Nissan launches Evalia MPV at a starting price of Rs. 8.49 lakh

Nissan has launched the Evalia multi-purpose vehicle in India, in four variants with prices ranging between Rs. 8.49 lakh and Rs. 9.99 lakh, ex-showroom Delhi .The Evalia is a seven-seater MPV that is targeted at those looking for a spacious, fuel-efficient people mover. Nissan is positioning it as an urban-class utility vehicle.


Nissan Evalia XE: Rs. 8.49 lakh

Nissan Evalia XEPlus: Rs. 8.92 lakh

Nissan Evalia XL: Rs. 9.49 lakh

Nissan Evalia XV: Rs. 9.99 lakh

(all prices ex-showroom Delhi).

Cartoq recently drove the Nissan Evalia on the outskirts of Bangalore. Read: Nissan Evalia road test and review

The Nissan Evalia will compete with vehicles like the Mahindra Xylo, Toyota Innova and Maruti Ertiga, catering to buyers looking for space, comfort and fuel efficiency.

Nissan launches Evalia MPV at a starting price of Rs. 8.49 lakh

Looks, fit and finish

The Nissan Evalia has a classic van-like look, even though the front is quite aggressive, with upswept headlamps and bold grille. But from the sides and the rear it looks flat and boxy – typically van-like. This, however, is a practical design as it frees up plenty of interior space for its occupants. Fit and finish is good.

On the interiors, the plastics used are slightly hard, but look durable. The Evalia features large sliding rear doors that make getting in and out of the vehicle easy. The third row is also quite comfortable with reclining seats that can be folded away to free up plenty of cargo space. Even with all rows in use, there is space for luggage.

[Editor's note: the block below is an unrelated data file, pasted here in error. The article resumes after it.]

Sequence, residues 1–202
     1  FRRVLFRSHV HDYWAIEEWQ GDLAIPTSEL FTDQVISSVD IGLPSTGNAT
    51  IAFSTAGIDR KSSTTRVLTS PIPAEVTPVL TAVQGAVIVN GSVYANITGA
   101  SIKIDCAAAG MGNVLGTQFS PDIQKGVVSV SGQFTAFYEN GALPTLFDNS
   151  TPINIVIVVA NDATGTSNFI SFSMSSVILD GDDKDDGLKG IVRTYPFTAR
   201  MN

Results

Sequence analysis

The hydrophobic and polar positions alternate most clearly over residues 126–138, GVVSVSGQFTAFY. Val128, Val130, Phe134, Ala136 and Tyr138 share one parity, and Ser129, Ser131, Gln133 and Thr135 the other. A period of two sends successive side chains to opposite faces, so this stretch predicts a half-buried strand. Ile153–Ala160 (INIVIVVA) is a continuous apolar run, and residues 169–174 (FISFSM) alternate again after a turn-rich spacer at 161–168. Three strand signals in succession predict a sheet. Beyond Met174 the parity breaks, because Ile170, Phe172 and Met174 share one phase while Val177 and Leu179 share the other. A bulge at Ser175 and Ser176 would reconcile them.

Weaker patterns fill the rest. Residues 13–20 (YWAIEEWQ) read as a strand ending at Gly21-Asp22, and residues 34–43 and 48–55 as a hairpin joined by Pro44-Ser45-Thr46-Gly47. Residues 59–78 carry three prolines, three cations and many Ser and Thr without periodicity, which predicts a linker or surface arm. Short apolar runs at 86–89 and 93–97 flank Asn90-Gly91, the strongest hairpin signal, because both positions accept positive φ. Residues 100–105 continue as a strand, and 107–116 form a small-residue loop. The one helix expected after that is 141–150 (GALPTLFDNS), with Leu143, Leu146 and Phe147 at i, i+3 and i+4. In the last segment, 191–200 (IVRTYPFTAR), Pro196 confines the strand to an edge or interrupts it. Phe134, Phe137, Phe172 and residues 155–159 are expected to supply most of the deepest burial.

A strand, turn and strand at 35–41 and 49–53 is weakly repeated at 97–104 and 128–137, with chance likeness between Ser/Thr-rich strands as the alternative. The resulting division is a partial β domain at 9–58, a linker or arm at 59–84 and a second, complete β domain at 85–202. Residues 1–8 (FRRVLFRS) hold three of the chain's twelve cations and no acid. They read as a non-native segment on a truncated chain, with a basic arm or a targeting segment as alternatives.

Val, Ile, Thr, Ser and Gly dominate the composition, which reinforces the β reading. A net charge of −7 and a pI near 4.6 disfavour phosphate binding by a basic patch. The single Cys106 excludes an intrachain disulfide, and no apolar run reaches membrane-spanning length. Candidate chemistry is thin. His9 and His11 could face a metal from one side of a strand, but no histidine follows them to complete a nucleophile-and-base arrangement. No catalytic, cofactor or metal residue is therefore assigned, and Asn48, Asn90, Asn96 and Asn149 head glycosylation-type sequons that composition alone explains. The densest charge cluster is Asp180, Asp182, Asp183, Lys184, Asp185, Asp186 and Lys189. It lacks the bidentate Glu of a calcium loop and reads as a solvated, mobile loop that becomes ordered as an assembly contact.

Comfort and features

The Evalia XV has some features that make it quite unique. The keyless entry and start system is one of them. The ignition key is just a knob that needs to be turned after pressing the brake pedal to unlock the steering. The vehicle has a rear-view camera that has a display in the dash for easy reversing.

All variants of the Evalia feature ABS and EBD, while the XEPlus, XL and XV variants get dual airbags as well. However, the vehicle lacks some basic functionality which may not go down well with many buyers, such as the lack of AC vents for the middle row, only a single cabin light, no day-night rear view mirror, and most of all – the middle row windows cannot be rolled down or slid open. The middle row windows are of the “butterfly” type that just pop open about 2 cm for ventilation and are practically useless in Indian conditions.

Engine and performance

The Evalia comes with Nissan’s tried and tested K9K 1.5 litre diesel engine that puts out 84 bhp of power and 200 Nm of torque. This is mated to a 5-speed manual transmission. The engine is quite fuel efficient with a claimed mileage of 19.3 kmpl, and during our test we got about 11.5 kmpl. Also see: Nissan Evalia video review.

Evalia vs competitors

So how does the Evalia fare against its competitors such as the Mahindra Xylo, Toyota Innova and Maruti Ertiga? For one, the Evalia is the most spacious among all the competitors. It also has perhaps the best ride quality among the three vehicles. In terms of fuel efficiency too, it competes neck and neck with the Ertiga, and is more fuel efficient than the Xylo and Innova.

In terms of price, the Evalia is competitively priced, with the top-end Evalia being about Rs. 50,000 cheaper than the top-end Mahindra Xylo. There is a Rs. 2 lakh price difference variant for variant compared with the Toyota Innova as well. Only the Maruti Ertiga is cheaper – the top-end Ertiga is the same price as the base Nissan Evalia.

What we think

The Nissan Evalia is a product that draws mixed reactions. Buyers who want the sheer practicality and space of a large van-like people mover will definitely look at the Evalia. However, some things like non-opening middle row windows, lack of AC vents for the centre row etc, could be deal breakers for many buyers. Nissan, though, is quite optimistic and hopes to sell between 2000-2500 units a month. The bulk of customers, we think, will be fleet operators and hotels, while only about 25% of sales would probably be private buyers. We’d love to be proved wrong.